TAFE teachers say large staff budget cuts at Wollongong campuses could lead to welding, mining, manufacturing and arts classes being cancelled due to safety concerns.
Support staff at TAFE Illawarra were told this week that their working hours had been slashed dramatically while others were told they no longer had a job, according to the NSW Public Service Association.
These jobs are among the first to be lost through a major reduction in public service workers announced in last month's state budget.
Union industrial officer Blake Stephens estimated the Illawarra support staff budget had been cut by about 30-50 per cent based on the number of hours union members had lost.
Mr Stephens said up to 250 general assistants and technical officers working in areas like metal fabrication, welding, manufacturing and mining, fitting and machinery and the arts would be affected by the budget cuts.
He said these workers were responsible for ensuring student safety in class and doing vital machinery and equipment maintenance.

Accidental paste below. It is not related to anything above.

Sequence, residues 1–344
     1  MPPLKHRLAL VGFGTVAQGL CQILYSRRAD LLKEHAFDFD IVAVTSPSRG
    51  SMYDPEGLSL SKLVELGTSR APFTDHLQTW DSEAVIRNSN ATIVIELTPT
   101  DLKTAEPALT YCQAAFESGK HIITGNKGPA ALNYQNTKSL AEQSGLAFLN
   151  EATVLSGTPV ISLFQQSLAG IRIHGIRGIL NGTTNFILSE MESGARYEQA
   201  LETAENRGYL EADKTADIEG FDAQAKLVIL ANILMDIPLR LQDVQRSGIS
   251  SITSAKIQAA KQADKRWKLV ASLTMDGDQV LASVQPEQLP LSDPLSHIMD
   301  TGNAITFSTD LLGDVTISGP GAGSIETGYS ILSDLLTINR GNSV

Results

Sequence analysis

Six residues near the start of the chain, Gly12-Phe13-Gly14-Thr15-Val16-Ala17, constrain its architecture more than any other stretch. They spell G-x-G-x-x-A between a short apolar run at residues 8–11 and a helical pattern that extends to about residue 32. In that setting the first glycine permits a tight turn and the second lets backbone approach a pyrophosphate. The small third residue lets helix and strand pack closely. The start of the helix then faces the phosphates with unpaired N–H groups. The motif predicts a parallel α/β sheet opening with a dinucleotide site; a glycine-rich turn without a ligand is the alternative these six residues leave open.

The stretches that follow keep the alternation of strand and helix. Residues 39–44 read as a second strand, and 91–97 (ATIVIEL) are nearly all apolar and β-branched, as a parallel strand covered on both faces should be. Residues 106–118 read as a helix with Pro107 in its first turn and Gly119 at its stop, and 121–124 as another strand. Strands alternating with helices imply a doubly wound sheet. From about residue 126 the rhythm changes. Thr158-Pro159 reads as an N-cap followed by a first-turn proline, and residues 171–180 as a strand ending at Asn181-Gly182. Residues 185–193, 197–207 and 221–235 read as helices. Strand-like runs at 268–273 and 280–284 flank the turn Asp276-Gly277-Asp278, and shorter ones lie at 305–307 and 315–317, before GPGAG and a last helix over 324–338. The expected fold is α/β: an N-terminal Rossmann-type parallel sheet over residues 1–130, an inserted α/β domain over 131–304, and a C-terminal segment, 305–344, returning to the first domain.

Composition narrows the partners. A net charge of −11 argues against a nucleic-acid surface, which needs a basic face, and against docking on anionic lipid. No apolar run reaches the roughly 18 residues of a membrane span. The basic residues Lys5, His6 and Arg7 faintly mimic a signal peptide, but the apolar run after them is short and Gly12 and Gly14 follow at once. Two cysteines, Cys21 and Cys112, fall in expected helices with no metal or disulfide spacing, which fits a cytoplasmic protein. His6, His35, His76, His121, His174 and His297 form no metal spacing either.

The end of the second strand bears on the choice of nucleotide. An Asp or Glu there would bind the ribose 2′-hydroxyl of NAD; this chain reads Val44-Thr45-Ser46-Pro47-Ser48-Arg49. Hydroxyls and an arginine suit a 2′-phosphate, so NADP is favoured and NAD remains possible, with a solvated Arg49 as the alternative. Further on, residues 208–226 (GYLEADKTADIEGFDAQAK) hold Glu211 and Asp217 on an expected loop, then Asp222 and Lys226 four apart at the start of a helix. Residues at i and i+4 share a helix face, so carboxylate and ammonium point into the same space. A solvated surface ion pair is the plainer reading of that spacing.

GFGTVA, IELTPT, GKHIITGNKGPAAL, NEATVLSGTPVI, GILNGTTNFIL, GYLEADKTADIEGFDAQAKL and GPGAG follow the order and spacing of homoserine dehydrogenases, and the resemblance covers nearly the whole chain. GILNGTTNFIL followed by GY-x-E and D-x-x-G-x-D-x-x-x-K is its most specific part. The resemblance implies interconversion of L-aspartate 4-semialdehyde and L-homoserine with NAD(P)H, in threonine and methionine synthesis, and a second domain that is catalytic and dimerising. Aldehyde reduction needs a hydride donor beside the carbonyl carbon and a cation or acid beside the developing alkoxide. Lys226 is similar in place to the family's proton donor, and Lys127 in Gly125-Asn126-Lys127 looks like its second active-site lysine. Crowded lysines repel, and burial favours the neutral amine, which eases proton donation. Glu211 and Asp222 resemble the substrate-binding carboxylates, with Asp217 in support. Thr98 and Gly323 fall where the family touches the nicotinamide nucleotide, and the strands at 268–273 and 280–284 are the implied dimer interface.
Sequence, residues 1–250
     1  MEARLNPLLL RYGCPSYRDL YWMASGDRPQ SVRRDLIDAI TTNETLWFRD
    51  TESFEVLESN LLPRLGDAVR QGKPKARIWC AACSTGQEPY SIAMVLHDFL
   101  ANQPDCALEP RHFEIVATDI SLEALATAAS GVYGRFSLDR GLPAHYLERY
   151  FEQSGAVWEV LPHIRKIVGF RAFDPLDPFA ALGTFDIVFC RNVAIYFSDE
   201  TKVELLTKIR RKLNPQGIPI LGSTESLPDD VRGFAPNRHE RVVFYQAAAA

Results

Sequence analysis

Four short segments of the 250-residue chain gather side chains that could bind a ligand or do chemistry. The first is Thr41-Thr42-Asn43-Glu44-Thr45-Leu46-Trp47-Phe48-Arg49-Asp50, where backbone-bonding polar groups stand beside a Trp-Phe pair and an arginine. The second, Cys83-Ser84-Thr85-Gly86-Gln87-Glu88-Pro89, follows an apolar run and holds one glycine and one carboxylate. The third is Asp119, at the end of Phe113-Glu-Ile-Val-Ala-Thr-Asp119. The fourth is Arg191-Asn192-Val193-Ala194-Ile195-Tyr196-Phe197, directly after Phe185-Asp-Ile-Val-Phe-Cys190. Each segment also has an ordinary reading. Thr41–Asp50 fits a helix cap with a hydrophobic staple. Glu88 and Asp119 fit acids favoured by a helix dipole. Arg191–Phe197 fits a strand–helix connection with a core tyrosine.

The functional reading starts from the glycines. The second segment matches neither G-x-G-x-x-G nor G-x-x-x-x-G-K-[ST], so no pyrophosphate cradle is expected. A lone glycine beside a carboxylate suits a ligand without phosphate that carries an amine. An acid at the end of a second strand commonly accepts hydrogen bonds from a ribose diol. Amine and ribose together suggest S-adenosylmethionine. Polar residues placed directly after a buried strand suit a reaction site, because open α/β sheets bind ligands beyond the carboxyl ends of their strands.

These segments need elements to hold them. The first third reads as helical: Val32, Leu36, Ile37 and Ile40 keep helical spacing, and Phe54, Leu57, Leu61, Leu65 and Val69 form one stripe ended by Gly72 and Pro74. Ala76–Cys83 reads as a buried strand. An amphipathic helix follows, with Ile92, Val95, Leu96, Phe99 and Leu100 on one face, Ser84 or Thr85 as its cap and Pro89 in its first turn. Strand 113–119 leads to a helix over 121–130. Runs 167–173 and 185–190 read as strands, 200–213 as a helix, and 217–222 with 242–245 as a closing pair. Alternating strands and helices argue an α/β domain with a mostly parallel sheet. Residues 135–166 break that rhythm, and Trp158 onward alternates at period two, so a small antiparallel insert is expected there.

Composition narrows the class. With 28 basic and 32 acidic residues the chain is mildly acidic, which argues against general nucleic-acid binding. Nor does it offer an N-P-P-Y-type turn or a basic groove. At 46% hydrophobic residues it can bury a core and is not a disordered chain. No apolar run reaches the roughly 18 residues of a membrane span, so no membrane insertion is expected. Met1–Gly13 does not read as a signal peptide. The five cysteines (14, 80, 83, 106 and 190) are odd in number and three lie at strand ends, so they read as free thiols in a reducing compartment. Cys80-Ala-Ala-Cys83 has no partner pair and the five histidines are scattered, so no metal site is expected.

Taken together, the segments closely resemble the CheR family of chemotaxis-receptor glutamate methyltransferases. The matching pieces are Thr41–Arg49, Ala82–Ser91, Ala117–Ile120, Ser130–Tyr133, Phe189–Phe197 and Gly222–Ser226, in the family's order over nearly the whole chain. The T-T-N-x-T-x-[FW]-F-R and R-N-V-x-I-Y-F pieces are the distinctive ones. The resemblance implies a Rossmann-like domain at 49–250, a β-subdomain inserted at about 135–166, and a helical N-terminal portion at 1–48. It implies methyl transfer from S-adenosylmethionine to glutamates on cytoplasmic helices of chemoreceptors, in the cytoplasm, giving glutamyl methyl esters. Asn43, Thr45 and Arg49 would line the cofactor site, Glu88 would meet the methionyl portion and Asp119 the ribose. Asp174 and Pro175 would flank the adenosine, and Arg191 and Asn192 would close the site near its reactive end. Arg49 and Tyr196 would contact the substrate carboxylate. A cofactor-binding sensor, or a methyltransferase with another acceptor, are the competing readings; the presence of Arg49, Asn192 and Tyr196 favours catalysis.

"Some teachers are so concerned about this they have been reporting to us that they will just not hold the class without a support person there, because it will not be safe," he said. "So some classes may have to be cut."
TAFE Illawarra relieving director Lucy Arundell said she was unable to comment on budget cuts, job losses or safety concerns yesterday but was liaising with the union.
"TAFE Illawarra regularly evaluates its business operations to support the delivery of training needs to meet the needs of the region," Ms Arundell said.
One Illawarra technical assistant, who did not wish to be identified because she was concerned about future employment, was told on Monday that there was not enough money in this year's budget to fund her previously full-time position.
'My contract was up at the end of last week and from what I'd been told, I thought I would be okay for at least a few more years, but then on Monday morning my campus manager phoned me ... and said there had been no hours allocated to me," she said.
"My campus manager was quite upset about it, because I'm very well-qualified for what I do, I'm a long-term [temporary staff member] and ... I was also the first aid officer for the section."